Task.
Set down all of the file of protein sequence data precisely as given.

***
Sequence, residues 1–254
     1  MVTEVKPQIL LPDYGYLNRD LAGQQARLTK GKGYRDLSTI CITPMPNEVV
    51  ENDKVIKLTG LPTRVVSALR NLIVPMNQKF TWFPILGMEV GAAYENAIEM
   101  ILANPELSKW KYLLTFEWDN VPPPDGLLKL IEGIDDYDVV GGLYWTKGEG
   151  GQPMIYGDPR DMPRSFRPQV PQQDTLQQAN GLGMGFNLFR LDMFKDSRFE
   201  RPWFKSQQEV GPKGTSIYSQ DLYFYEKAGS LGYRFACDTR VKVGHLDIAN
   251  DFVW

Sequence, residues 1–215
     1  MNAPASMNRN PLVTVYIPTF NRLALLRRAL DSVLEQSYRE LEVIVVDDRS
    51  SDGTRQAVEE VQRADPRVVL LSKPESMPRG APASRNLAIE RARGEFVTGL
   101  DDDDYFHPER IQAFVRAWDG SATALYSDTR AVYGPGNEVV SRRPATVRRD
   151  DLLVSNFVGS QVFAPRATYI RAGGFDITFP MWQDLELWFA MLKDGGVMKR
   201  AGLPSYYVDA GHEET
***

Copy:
Sequence, residues 1–254
     1  MVTEVKPQIL LPDYGYLNRD LAGQQARLTK GKGYRDLSTI CITPMPNEVV
    51  ENDKVIKLTG LPTRVVSALR NLIVPMNQKF TWFPILGMEV GAAYENAIEM
   101  ILANPELSKW KYLLTFEWDN VPPPDGLLKL IEGIDDYDVV GGLYWTKGEG
   151  GQPMIYGDPR DMPRSFRPQV PQQDTLQQAN GLGMGFNLFR LDMFKDSRFE
   201  RPWFKSQQEV GPKGTSIYSQ DLYFYEKAGS LGYRFACDTR VKVGHLDIAN
   251  DFVW

Sequence, residues 1–215
     1  MNAPASMNRN PLVTVYIPTF NRLALLRRAL DSVLEQSYRE LEVIVVDDRS
    51  SDGTRQAVEE VQRADPRVVL LSKPESMPRG APASRNLAIE RARGEFVTGL
   101  DDDDYFHPER IQAFVRAWDG SATALYSDTR AVYGPGNEVV SRRPATVRRD
   151  DLLVSNFVGS QVFAPRATYI RAGGFDITFP MWQDLELWFA MLKDGGVMKR
   201  AGLPSYYVDA GHEET